Apple Watch 8 Ultra Dive Computer
In dramatic fashion, Apple rocked the dive world when it unveiled the Apple Watch Ultra along with two other lesser models (the SE and the Series 8). The Ultra made such a splash because it’s also a dive watch, designed to appeal exclusively to recreational divers.
While there’s plenty to be said about the Watch itself as a rugged, outdoor device (such as some of the best waterproof watches), we’ll leave that to others and stick to the “Apple enters the scuba diving industry” subject.
The crux of the Apple Ultra is that it has the hardware–waterproofing–to dive down to a max depth of 328 feet (100m). But the onboard sensors only have gauges that measure depths down to a maximum of 131 feet (40 meters). That’s the max depth to which recreational divers are certified to descend.
While there is a depth app designed to work for snorkeling and free diving, Apple didn’t develop the software to run the Ultra’s dive sessions. Rather, they turned to Huish Outdoors, owner of Oceanic scuba equipment and producer of dive computers, to develop the diving software.
The result is Oceanic+, an iPhone app for scuba diving, freediving and snorkeling. It’s a comprehensive program that will provide extensive real-time information as well as resources for dive planning and it will package all of the data into a shareable dive logbook.
There’s a caveat to all this though: a subscription is needed to use the Oceanic+ app for scuba diving. In other words, only an Apple Ultra with the Oceanic+ app and subscription is a dive computer. Otherwise, it’s merely a dive watch. No matter what, the depth gauge will work and–we hope–previous waterproofing issues with Apple Watches is a thing of the past.
Apple Watch Subscriptions for Oceanic+
$4.99 per day
$9.99 per month
$79.99 per year
$129.99 per year for a whole family of 5
Obviously, both Apple and Huish are planning and hoping for widespread adoption. The more users there are, the more info will be available to other divers.
On the dive dashboard, water temperature, currents, tides and visibility will be shown to help plan the dive and to provide good info for the brief.
The planner will also make all safety calculations, including max depth, surface time and No Fly Time.
Specifically designed in collaboration with Apple, Oceanic+ will have the following features at a diver’s disposal:
- A variometer to measure and display the level of descent and ascent
- A depth gauge
- Real-time safety stop information
- No Decompression Time
- Decompression stops
- Minutes remaining, time to ascent to surface
- An amazing compass
- Optional Nitrox integration into planning
All of these features are shown on a square screen (the brightest Apple Watch screen yet) with haptic alerts. Additionally, there’s a night viewing mode that comes in handy during night dives.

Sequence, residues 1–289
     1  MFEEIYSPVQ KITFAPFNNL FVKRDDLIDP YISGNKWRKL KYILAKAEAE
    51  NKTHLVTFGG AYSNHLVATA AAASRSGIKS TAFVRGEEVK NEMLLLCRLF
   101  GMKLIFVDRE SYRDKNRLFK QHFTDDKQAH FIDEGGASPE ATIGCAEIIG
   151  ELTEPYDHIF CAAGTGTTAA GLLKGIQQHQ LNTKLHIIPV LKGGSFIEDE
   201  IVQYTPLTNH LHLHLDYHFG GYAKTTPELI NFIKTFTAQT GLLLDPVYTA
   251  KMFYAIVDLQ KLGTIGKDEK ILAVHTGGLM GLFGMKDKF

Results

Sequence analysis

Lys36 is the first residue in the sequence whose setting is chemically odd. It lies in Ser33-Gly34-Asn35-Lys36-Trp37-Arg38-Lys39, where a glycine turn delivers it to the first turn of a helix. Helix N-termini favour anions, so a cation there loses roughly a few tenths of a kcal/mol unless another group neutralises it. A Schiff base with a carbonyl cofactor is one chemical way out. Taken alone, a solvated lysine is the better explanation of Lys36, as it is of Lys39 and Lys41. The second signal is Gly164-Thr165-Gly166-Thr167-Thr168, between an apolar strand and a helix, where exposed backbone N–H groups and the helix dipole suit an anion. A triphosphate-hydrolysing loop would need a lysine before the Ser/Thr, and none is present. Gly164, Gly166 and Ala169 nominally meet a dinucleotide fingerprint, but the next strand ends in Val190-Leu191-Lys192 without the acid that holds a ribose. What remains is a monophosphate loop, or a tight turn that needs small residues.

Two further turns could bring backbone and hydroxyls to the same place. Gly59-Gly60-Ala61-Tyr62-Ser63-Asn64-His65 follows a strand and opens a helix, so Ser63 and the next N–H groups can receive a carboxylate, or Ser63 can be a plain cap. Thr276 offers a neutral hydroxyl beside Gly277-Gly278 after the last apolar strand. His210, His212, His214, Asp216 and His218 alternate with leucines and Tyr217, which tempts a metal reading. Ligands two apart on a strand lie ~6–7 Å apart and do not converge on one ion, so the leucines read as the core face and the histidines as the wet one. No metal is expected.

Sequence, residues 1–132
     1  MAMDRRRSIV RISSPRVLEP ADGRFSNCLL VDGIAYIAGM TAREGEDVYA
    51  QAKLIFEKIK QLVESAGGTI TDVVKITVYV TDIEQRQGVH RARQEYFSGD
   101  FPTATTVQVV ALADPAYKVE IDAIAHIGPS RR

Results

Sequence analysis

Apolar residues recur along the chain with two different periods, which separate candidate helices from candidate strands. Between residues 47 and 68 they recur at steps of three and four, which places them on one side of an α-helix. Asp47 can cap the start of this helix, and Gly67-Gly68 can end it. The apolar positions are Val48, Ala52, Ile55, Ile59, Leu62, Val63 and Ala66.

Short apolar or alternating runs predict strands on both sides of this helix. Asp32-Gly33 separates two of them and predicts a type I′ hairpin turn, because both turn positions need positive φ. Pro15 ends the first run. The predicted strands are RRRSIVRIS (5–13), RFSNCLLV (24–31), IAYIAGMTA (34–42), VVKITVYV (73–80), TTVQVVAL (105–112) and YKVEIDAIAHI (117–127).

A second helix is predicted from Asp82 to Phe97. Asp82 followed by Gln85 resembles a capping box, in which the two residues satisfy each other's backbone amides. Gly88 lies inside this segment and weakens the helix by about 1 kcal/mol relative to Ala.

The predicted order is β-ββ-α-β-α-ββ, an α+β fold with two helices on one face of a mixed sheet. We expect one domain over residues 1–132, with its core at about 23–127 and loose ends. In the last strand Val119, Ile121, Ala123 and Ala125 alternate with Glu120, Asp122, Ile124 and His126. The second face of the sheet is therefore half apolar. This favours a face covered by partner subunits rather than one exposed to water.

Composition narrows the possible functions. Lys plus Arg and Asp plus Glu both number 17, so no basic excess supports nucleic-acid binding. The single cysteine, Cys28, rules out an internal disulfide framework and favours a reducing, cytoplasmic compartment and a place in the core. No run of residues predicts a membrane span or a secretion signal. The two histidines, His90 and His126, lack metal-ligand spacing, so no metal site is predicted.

How the Apple Watch Ultra Works
To function easily, and in typical Apple fashion, the Ultra has simple buttons. Rather it has an “Action” button and a scroll wheel that can be customized to a diver’s needs. In practice, we can see that scrolling through menus or options on the screen and pressing the action button will be sufficient to navigate through Oceanic+ during a dive or, primarily, before and after.
Speaking of post-dive, the dive dashboard will automatically sync with the iPhone.
According to the Huish press release,
This data automatically appears on iPhone users’ devices and can be saved in the Cloud, where Oceanic+ app users can see a summary of their dive profile, sort and search past dives in their logbooks and instantly share their adventures with family and friends, as well as the community.
That makes this a social watch, providing crowd-sourced data much like Paralenz does with its Vaquita camera.
As neither the watch nor the app has been tested by anyone in the industry, all we can do is wait, holding our breaths (despite knowing we should never do this) to see if this is a revolution.
Whether over-the-air updates will add features like wireless air integration remains to be seen. But it adds to the anticipation.
Like us, Garmin will be also paying particular attention. For now, the Mk2 and Descent G1 are sitting atop the Smartwatch dive computer market in terms of performance with Shearwater keeping stride too.
Frequently asked questions
The release date of the Apple Watch 8 Ultra is in September, but the release date of the scuba diving app that turns the Ultra from a dive watch into a dive computer is later in Fall 2022.
There have been some issues with previous Apple watches leaking and getting damaged. The Apple Watch 8 is designed to dive to maximum depths of 131 feet. It has a scuba rating that technically confirms this and its waterproofing. It is, technically, a dive watch. Only with the Oceanic-plus app is it a dive computer.